Morgan Stanley’s Green Light for Social Media – Bankers or Bots?

On 25th June, Lauren Boyman, Morgan Stanley Smith Barney (MSSB)’s Head of Social Media sent out these two tweets in quick succession:

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The “green light” was for Twitter and LinkedIn for MSSB’s 17,000 financial advisors. The “successful pilot” had been a year long, with an initial group of 600 being allowed to use both sites. The “compliant way” was the catch… tweets must be selected from a library of pre-written messages. For example:

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Having spent 15 years in the City, 13 of those with Morgan Stanley, I’m fully aware of the challenges. Of course there are compliance and regulatory requirements to manage, but professionals know what they can and cannot say publically, and technology can ensure appropriate records are kept.

There’s also fear – having benefited from Corporate Communications when at Morgan Stanley, I was conscious and apprehensive about there being no front line of defence when I first joined social media. Having found the Twitter account and bio for J. Scott Irwin however, MSSB advisers can rest assured that Big Brother is watching! (Maybe that adds to the fear?!)

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But at its heart, all business is about relationships. Relationships are built on conversations, and social media is just another way to talk – old rules, new tools.

How can you build trust, show personality and spontaneity, be social… human, when you’re restricted to talking from a script? Being social on social media requires interaction and engagement. If every tweet is pre-written and pre-approved, how can we be certain there’s actually a person tweeting?

Having a library of content, where it’s easy to find official data and messages, is a great start. Advisors should then be given the freedom to share this information in their own tone of voice. People buy from people.

Throughout my time at Morgan Stanley I felt it a privilege to work with amazingly talented people – exactly the type of individuals who can wow others with their expertise and insights, and can build trust at a time of mistrust in the financial sector.

In the article that Lauren Boyman links to above, there’s mention of a small trial of 20 that have “been given the ability to write their own tweets”. I was pleased to find one such individual, and couldn’t help but smile at her retort to the critics (the link in her tweet is to an article titled “Morgan Stanley: Nothing personal – encouraged to be boring”):

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I was even more pleased to see that less than 24 hours after I tried to start a conversation, there was a magical reply:

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“… autonomy – within regulatory guidelines” – cheery, smart, nice! And good practice for every aspect of a trusted professional’s working life, not just for their social media use.

I know that change takes time. MSSB’s green light may not be on full beam, but what they’ve done is bold relative to other Wall Street firms. I would love to keep in touch with a firm I spent 13 years with through Twitter – if I can be sure that I’m following bankers, not bots!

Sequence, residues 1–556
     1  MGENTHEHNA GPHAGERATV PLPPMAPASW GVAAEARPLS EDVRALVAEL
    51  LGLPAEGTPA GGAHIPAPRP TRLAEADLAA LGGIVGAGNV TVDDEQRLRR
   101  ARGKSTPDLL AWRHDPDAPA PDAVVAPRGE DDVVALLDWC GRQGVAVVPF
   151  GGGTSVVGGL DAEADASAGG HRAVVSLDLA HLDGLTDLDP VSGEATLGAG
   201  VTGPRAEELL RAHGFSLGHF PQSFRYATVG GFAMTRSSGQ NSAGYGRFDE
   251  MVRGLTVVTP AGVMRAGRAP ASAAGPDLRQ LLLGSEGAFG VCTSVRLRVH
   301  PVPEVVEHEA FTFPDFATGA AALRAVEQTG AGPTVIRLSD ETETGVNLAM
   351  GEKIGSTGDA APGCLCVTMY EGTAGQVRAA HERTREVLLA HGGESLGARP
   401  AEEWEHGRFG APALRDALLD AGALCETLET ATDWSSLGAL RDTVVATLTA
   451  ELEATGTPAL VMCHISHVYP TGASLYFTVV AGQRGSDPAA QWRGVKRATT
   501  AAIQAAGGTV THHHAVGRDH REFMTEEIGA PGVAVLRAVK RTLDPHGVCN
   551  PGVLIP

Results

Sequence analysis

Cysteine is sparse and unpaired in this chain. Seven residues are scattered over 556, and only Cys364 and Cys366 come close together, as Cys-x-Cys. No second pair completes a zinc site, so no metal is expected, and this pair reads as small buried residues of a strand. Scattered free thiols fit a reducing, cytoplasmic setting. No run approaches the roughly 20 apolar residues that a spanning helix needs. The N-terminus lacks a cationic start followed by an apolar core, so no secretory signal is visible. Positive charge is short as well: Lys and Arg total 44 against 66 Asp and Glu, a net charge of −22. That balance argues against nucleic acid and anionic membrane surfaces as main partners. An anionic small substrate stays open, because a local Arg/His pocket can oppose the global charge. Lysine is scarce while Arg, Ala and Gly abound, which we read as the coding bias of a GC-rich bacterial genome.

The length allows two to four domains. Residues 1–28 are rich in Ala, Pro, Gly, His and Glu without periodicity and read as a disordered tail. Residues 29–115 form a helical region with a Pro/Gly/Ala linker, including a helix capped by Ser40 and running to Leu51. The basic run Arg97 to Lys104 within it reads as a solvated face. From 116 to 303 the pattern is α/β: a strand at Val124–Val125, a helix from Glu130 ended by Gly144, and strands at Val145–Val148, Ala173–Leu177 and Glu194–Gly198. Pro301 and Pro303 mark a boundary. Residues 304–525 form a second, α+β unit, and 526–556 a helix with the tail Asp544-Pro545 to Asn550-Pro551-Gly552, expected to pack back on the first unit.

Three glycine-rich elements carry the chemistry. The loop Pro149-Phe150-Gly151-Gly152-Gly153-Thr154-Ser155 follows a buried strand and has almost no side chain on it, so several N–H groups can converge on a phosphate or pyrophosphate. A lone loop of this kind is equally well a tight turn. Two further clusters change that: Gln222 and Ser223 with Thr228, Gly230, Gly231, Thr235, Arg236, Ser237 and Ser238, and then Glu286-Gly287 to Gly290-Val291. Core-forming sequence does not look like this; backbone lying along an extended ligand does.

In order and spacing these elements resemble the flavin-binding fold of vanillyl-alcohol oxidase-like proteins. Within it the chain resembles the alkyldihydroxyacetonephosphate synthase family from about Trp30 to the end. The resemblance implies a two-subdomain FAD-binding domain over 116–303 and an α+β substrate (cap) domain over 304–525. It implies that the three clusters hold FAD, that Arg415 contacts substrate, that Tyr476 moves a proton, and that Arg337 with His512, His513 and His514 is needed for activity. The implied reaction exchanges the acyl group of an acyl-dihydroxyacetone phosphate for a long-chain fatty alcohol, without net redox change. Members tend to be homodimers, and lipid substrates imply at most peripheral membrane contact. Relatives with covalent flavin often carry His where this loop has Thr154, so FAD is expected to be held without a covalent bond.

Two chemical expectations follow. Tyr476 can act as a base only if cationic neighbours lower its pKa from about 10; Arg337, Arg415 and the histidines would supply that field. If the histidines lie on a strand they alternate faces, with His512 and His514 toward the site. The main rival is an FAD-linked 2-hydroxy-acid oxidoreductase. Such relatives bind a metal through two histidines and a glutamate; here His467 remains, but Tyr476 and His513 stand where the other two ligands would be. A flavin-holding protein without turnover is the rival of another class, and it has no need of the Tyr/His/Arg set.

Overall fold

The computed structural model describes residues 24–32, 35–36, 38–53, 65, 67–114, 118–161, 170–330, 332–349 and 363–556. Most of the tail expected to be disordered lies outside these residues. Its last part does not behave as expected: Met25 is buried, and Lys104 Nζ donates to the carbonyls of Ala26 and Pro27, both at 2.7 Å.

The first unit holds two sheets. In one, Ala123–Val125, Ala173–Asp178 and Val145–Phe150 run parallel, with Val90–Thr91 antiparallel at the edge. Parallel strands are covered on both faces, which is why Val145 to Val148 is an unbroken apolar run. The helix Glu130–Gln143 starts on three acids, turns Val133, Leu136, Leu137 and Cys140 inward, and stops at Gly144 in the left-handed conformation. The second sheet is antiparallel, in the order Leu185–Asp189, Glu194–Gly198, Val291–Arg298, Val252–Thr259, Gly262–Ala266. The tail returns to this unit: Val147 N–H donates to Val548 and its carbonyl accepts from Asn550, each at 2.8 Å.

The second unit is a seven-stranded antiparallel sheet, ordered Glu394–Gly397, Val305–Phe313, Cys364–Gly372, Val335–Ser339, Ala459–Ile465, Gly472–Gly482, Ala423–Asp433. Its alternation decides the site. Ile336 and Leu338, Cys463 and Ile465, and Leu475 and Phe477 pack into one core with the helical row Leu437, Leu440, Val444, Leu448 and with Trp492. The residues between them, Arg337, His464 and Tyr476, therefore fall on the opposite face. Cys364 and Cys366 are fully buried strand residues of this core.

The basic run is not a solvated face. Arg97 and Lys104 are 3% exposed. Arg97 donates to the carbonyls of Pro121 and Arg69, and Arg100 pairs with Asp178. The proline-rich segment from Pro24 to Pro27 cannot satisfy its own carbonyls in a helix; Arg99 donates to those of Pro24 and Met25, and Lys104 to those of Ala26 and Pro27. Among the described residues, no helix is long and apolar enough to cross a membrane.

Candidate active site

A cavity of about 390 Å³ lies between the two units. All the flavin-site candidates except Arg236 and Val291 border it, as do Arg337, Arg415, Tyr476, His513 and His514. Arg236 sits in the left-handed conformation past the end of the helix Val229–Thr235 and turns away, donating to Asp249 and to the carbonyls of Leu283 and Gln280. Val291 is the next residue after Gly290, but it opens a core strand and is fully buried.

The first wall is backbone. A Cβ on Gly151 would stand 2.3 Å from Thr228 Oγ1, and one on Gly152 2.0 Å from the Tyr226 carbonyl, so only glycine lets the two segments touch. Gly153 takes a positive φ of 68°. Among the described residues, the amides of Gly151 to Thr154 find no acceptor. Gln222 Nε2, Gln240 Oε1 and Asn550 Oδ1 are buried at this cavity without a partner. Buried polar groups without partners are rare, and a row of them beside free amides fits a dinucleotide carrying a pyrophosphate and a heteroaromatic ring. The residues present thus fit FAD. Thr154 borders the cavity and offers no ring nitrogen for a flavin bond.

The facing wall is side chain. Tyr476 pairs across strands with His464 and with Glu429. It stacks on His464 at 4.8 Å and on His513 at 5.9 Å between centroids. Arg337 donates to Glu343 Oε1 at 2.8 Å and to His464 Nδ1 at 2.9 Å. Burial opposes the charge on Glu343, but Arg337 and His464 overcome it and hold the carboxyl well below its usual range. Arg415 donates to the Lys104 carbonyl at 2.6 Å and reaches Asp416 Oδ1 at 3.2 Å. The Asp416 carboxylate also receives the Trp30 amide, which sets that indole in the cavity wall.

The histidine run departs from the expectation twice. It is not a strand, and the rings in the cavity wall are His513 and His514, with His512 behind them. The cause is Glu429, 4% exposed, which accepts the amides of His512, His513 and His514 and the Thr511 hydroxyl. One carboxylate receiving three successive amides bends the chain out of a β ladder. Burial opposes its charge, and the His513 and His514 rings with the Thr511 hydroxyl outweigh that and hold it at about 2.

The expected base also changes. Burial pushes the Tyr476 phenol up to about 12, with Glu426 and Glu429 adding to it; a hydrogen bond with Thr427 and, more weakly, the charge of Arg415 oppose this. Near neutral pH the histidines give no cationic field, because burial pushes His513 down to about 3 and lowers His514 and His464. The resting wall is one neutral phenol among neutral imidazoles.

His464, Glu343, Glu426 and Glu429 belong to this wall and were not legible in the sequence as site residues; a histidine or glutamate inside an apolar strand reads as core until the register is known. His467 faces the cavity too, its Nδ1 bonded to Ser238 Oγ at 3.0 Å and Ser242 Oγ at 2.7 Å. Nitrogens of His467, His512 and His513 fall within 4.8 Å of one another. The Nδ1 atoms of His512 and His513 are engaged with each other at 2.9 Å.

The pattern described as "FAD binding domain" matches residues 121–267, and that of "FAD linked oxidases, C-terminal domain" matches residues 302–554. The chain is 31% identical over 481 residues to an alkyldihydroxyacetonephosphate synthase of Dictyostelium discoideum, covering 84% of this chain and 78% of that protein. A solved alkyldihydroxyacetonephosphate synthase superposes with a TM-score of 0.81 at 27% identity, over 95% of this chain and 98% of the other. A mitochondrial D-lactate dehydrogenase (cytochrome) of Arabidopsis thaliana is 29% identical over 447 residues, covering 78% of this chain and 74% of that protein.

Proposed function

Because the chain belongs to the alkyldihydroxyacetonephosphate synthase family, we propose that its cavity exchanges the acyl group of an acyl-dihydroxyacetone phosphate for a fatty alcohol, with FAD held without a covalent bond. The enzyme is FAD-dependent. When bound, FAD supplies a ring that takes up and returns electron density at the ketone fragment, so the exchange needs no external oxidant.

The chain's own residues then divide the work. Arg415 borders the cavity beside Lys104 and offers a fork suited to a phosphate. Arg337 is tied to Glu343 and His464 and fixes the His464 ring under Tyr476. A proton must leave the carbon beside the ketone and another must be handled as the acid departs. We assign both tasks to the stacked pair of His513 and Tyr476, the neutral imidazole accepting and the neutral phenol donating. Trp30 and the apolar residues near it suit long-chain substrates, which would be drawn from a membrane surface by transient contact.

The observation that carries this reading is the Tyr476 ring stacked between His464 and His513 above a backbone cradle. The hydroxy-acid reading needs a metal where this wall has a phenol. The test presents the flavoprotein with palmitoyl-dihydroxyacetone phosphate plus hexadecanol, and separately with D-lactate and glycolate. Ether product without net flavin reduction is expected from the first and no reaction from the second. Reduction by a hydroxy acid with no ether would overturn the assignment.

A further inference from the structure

6 Examples of Twitter Profile Disclaimers

As a B2B company starting out on Twitter, one of the things that’ll likely come up in planning meetings is the legal disclaimer that typically accompanies any written output. It’s an understandable question, so as financial, legal and other professional services are now stepping out on Twitter, it’s worth having a look at what the early adopters are doing.

(You may question whether a disclaimer is necessary at all, but we’ll leave that debate aside for the moment).

Disclaimer on the Page Background

Morgan Stanley’s corporate account has a disclaimer on the background of their Twitter page. This has the upside of being able to display more than the 160 character limit of a Twitter bio, but the downside that it’s not visible to anyone accessing Twitter through a mobile client or app like Tweetdeck or CubeSocial.

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Pfizer have a similar approach but don’t provide a disclaimer as such, instead using the Twitter background to provide important links – including how to report adverse events.

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Disclaimer in the Bio Link

In June Morgan Stanley Smith Barney financial advisors got the go ahead to use Twitter. All 17,000 accounts have the same link in their bio pointing to MMSB’s legal disclaimer.

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Barclays Online takes a similar approach.

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With this approach the disclaimer will be available from all Twitter clients. The downside is that you are losing a potential marketing opportunity – that link could instead be used to direct people to a Twitter-specific landing page.

Disclaimer in the Bio

For those wanting to make it clear that they are tweeting in a personal capacity, the classic “all opinions are my own” is often included in the Twitter bio.

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No Disclaimer at All

Interestingly, the most common approach among the accounts we reviewed (even among B2B, legal and financial services companies) was to have no disclaimer at all. You’d think law firms would insist on disclaimers, right? But we checked the official Twitter accounts of the top 10 UK law firms and not one had a disclaimer on show. It seems that in the world of social media for lawyers, the accepted wisdom is that disclaimers don’t matter.

Perhaps the best advice we can give is, if you wouldn’t say it to your grandma, don’t say it on Twitter.

Do you have a Twitter disclaimer? Have you seen any examples of good disclaimers?